Hearing aid sales growth slows to a crawl

WASHINGTON, DC—Growth in the U.S. hearing aid market shrank during the third quarter of 2012, according to the latest statistical report from the Hearing Industries Association (HIA). The 705,791 hearing aids sold by manufacturers in the past three months was just 1.0% more than in the same period in 2011. The picture was even worse in the private, i.e., non-governmental, sector, where quarterly net sales of 560,071 units were less than one-third of a percent (0.3%) higher than the 2011 figure.

Most of the growth last quarter resulted from a modest 3.8% gain in the number of hearing aids that companies sold to the Department of Veterans Affairs (VA). As of September 30, VA purchases accounted for 20.2% of the total business.

The latest figures continue a trend of declining growth. The industry began the year on a healthy note, with a first-quarter rise in sales of 5.3% over the same period of 2011. However, the market gained only 2.9% in the second quarter, which was followed by the third quarter’s even smaller 1.0% growth.

For the year to date, manufacturers reported net sales of 2,148,719 hearing aids, up by 3.1% over the first nine months of last year.



A couple of unusual occurrences are reflected in the HIA report. One is that the 724,128 devices sold in the first quarter of 2012 (slightly) exceeded sales in either the second or third quarters (718,800 and 705,791, respectively). For decades, sales in the second and third quarters have almost always been stronger than those in the first and fourth.

Another established pattern also appears likely to be broken this year. Thus far, the percentage of behind-the-ear (BTE) hearing aids sold is slightly lower than it was in 2011. During the whole of last year, BTEs accounted for 70.8% of all sales. Through three quarters of 2012, their share is 70.4%.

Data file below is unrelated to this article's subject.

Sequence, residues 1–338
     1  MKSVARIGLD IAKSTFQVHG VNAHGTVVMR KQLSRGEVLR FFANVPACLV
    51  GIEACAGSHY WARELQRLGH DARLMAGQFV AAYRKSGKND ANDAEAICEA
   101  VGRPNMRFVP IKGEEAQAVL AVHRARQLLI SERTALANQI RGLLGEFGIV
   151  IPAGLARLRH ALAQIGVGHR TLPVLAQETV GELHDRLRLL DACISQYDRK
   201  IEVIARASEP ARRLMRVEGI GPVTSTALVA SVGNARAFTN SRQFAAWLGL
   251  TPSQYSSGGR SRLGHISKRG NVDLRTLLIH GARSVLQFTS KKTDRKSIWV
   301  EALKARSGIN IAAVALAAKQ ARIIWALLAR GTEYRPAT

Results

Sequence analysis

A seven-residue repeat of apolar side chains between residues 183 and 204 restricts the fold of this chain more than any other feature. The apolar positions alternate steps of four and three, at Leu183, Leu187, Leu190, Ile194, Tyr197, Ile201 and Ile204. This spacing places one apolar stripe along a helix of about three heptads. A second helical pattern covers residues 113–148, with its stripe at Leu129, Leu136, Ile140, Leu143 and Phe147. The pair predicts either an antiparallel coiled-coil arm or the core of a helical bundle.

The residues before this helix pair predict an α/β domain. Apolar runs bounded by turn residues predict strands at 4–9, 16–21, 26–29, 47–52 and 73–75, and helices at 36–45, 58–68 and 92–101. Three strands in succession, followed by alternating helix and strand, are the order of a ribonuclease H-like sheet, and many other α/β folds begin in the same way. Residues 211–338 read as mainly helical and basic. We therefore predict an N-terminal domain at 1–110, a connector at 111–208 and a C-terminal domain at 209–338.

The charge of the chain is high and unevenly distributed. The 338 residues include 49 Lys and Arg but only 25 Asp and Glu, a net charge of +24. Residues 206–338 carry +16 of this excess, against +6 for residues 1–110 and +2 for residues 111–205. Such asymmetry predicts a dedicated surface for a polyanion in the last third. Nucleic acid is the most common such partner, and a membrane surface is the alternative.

While the difference is tiny and could evaporate in the fourth quarter, it appears that the unbroken 20-year period in which BTE instruments first overtook and then pulled far ahead of in-the-ear (ITE) devices in popularity is nearing an end.

Consider what a dramatic shift has occurred. Only 15 years ago, in 1997, a mere 19% of the hearing aids sold in the U.S. were BTEs. Their share has grown every year since. The trend started slowly, as BTE sales over the next seven years increased to 26% in 2004. Then they soared after the introduction of smaller BTE models that were very discreet, allowed open fitting, and, soon, offered the option of having the receiver in the ear.

In 2005, BTEs’ market share grew to 33%, and then continued to surge to 43% in 2006, 51% in 2007, 57% in 2008, and 66% in 2009. Over the next two years, growth slowed, with BTEs peaking (possibly) at 71% of the market in 2011.

Another trend is continuing—the increasing popularity of BTEs with the receiver in the ear as opposed to its traditional placement in the instrument. In 1999, 44% of BTEs came with the receiver in the ear canal. This year so far, 64% have that configuration.